The slapping of paper onto what a frowning, wide-eyed Marcela knew was an assumedly teary-eyed woman’s desk turned into her watching a sniffling Amelia storm away. Marcela shook her head.  

But Amelia, Marcela noticed, continued striving to perform her best for Mr. Walrus, her coworkers later wondering how she could be so focused. Marcela told them in a clipped voice she was upset with Amelia’s boss. She went to his office at lunch break.     

“Sir.”

His eyes stayed on his computer. “Yes?”

“I want you to know that woman is my best friend. She’s frustrated with her dilemma.”

“Dilemma?”

“Yes. She’s very unhappy with her familial plight.”

Mr. Walrus twisted around, his face having become a huge question mark.            

Marcela sighed, her hands struggling to remain flat and calm. Then she took a huge breath. “I don’t understand why you would put your employee under so—”

“Marcela, get those copies on my desk, please!”

“Yes, ma’am.”

Fists on either side of her bright red dress, Marcela unclenched them after she got in front of her computer. But she slapped the coveted files onto Tammy’s desk after typing, printing and shuffling them. Then she returned right to Amelia’s boss.

“I—” 

Mr. Walrus silenced her with an impatient finger and went over to Tammy. They conversed, and he returned to Amelia, demanding more papers to be stacked, stapled, on his chair when he returned from lunch. Marcela, remembering her lunch break was now, went to her small refrigerator and brought out some salad and a piece of freshly baked cake. After chewing every bite but not enjoying any of it, Marcela chucked her containers into the fridge, shoved it closed and marched straight into Tammy’s office.      

“I gave you the files.” The fists returned. “What else…?”

Tammy talked to her and then told her to return to lunch.

Marcela did as she commanded, but her mind was on Amelia the whole time. Tammy ordered her back into her office. “Something wrong?”         

“No.” Marcela turned to go, but her boss waved her over to a chair. Sliding a document towards her, Tammy tapped the blank line.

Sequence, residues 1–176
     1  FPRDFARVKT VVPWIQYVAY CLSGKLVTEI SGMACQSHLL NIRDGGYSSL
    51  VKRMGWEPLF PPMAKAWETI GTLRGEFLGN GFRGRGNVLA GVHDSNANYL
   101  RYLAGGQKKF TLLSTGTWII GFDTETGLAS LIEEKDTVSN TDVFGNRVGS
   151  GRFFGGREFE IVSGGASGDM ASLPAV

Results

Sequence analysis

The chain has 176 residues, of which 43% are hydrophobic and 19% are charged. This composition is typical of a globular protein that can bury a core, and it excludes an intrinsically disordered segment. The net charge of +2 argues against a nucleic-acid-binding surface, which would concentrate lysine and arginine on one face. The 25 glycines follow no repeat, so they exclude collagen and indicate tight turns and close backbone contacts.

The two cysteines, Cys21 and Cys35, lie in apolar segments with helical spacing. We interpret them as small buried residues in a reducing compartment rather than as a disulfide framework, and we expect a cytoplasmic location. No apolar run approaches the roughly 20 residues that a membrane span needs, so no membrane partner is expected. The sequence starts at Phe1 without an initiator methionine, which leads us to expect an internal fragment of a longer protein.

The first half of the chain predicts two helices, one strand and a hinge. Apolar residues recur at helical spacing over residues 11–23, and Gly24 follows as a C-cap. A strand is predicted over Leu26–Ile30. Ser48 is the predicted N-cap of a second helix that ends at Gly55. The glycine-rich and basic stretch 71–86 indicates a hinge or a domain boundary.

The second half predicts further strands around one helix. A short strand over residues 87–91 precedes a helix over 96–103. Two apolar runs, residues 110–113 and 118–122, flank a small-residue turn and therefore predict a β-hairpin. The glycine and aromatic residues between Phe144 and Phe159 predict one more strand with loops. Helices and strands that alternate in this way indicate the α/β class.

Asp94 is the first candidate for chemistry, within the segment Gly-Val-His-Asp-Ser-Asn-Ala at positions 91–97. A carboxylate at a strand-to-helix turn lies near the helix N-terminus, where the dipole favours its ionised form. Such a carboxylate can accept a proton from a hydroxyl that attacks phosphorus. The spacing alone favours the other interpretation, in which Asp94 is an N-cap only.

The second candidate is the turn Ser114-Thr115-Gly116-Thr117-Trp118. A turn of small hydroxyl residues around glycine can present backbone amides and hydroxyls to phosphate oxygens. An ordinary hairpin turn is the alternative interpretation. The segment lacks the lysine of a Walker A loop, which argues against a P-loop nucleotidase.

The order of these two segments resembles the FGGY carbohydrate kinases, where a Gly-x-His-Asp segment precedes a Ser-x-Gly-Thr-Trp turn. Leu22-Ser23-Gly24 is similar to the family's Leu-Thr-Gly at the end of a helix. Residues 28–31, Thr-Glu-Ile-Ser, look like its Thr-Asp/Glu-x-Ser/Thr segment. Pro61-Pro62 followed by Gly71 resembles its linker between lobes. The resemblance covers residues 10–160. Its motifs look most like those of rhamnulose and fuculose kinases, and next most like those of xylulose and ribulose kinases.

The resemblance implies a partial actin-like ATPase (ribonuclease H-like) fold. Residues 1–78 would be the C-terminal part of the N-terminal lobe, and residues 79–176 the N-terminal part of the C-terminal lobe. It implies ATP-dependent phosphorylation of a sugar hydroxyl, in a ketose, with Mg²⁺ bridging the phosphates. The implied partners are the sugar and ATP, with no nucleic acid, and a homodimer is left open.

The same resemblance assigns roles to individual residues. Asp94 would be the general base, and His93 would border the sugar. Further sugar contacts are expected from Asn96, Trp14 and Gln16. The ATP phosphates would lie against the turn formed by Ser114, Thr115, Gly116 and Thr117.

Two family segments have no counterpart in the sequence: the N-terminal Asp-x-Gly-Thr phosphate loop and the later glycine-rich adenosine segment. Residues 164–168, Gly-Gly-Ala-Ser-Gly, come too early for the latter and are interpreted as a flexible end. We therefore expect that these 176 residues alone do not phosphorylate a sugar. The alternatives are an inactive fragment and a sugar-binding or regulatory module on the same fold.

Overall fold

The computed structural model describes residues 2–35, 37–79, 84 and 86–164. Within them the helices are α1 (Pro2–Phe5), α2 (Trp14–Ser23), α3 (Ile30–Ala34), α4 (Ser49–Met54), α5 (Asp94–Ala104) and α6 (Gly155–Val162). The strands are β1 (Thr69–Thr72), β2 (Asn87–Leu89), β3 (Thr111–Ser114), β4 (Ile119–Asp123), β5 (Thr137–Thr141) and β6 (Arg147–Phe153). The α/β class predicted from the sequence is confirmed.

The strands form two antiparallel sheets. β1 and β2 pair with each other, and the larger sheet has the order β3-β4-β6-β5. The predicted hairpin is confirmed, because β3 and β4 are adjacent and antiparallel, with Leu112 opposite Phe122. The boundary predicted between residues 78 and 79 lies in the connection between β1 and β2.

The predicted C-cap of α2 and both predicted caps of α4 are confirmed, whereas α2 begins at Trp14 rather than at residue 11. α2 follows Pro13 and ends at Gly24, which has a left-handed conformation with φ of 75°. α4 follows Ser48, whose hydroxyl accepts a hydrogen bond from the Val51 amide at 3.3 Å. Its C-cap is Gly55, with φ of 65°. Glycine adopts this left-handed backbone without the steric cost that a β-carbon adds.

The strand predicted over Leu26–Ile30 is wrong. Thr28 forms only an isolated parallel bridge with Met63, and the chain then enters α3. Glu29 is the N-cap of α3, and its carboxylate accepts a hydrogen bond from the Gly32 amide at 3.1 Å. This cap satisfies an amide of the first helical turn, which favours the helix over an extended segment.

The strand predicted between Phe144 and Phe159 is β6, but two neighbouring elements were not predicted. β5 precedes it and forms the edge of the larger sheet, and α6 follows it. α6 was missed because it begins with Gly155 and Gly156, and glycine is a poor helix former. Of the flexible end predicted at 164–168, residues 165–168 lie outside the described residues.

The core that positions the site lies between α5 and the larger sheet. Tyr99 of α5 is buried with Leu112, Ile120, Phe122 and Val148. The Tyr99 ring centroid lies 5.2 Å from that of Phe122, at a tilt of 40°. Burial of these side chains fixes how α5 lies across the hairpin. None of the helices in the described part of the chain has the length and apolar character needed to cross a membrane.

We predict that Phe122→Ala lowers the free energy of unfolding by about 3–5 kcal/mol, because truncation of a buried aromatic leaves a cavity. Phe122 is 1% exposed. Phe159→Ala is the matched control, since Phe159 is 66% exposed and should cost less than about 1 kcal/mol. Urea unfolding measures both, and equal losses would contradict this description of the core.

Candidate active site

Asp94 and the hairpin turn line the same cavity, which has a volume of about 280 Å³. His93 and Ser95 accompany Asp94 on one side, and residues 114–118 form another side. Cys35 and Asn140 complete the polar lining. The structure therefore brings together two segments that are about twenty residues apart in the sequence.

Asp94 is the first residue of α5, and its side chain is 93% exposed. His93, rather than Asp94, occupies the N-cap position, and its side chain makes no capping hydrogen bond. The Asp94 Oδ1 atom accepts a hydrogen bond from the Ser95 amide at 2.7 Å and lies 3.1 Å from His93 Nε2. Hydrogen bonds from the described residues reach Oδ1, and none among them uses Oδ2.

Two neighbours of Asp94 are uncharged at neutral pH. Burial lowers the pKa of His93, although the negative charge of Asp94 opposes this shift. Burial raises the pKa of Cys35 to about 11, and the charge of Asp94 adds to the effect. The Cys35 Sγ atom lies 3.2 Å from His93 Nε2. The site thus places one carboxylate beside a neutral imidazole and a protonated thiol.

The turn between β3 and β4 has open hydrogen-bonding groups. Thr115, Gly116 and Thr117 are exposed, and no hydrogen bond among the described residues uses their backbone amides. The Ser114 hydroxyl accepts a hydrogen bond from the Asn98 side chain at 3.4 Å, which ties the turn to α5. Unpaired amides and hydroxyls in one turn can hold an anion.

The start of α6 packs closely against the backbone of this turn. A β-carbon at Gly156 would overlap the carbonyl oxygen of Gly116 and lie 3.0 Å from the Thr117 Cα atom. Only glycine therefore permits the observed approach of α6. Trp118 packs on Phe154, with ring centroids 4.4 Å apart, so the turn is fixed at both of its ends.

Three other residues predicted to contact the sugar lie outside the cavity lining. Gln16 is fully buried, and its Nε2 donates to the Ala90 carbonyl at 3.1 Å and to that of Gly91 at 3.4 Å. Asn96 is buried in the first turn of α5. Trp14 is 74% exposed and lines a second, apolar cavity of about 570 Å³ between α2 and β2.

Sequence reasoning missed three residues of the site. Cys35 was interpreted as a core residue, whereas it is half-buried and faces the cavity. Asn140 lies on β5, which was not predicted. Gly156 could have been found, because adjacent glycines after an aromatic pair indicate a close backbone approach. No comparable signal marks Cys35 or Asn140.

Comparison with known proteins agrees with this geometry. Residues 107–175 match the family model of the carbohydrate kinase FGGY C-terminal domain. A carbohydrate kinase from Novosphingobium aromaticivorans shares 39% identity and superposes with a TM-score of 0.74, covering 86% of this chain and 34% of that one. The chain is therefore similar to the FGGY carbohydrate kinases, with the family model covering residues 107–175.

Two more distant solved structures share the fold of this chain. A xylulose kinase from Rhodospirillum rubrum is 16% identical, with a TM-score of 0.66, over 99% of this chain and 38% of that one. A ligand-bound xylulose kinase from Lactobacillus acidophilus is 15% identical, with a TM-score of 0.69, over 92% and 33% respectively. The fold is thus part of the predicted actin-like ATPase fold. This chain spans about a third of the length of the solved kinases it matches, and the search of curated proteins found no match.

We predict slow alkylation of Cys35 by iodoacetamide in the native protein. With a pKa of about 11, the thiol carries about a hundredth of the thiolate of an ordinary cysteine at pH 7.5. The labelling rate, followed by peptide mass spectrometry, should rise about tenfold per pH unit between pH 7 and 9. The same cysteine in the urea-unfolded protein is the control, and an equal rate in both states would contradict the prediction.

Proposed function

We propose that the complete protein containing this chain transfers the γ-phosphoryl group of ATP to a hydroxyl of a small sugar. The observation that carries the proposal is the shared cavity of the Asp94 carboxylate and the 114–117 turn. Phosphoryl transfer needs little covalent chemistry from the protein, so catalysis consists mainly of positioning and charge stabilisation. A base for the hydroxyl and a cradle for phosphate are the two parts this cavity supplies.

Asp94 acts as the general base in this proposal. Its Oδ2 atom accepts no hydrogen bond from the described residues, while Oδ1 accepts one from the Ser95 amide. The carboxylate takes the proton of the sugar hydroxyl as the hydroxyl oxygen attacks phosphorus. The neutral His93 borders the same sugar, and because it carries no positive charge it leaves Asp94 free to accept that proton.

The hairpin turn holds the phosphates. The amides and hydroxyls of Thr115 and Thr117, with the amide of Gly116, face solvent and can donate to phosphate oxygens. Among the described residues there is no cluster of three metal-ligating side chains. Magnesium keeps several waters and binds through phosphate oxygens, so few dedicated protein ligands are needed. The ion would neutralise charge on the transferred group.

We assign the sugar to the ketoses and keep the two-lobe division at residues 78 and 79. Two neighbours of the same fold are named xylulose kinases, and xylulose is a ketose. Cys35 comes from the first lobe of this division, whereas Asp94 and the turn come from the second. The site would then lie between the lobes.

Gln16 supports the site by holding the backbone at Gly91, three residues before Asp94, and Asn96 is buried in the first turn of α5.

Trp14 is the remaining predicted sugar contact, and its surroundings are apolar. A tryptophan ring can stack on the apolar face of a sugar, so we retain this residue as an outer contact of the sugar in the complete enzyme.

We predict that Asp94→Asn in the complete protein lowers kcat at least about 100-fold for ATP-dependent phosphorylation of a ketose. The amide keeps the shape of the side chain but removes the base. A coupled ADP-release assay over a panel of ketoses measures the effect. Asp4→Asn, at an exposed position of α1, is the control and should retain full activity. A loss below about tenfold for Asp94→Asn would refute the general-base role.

“I’m demoting you.”

Marcela sat upright and leaned forward. “Demoted?”

“Lie like that to me again, and we’ll have another meeting.”

Marcela folded her hands as she apologized. Her boss forgave her.

“You can leave now, please.”  

Marcela got up and walked away, scowling. Tammy was disrespecting her!

She wrote a note that afternoon. 


Dear Tammy,

Please know I would like to meet with you at Starbucks to go over some concerns about today. I’m pretty upset about the way things worked out here.

Thank you!


Sincerely,

Marcela Rachel


Tammy declined it.

Marcela ripped up this response, smiling as the shredded sticky fell like snow into the trash can.

Then she saw Mr. Walrus standing outside her window. 

When he turned towards a typing Amelia, Marcela dashed out her door to him, saying she was just doing something she felt was necessary. He shook his head.    

Marcela, eyes flashing, nodded curtly. She returned to get her things and clock out for the day. Once she got home, Marcela answered her ringing cellphone.

“Hello?”

“Yes, Marcela. This is Tammy. I need to see you in my office tomorrow. Then on Saturday and Sunday, you can be writing up the following reports. Mr. Walrus told me you were disrespecting the company as he saw those shredded pieces of paper fall into the recycling bin.”               

Marcela stared at the ugly wallpaper during Tammy’s ramblings. She resisted wishing Amelia would just shake her awake. Gritting her teeth, she answered, “Forgive me, Tammy, but I need to tell—”

“Another employee’s disposition should not infringe upon your workday. Your ability to get your work done is on you. Should you see someone in danger or immediate help, please consult the authorities.” Her dry, monotonous, metallic voice—which Marcela sometimes wondered how she became a boss with this automated messaging system voice streaming through the day—droned on. Marcela even restrained herself from punching the End Call button.    

And officially lose her job.

And her reference letter.

“Yes, ma’am. I was just—”

“Please care.”

Tammy hung up, and Marcela jammed the phone into its receiver, taking some deep breaths. At least Amelia’s spanked, too. She rolled her eyes. Not that this stupidity of a career ever enhanced our lives in any other way. She put her shoes in the coat closet in the mudroom and then snatched up the phone.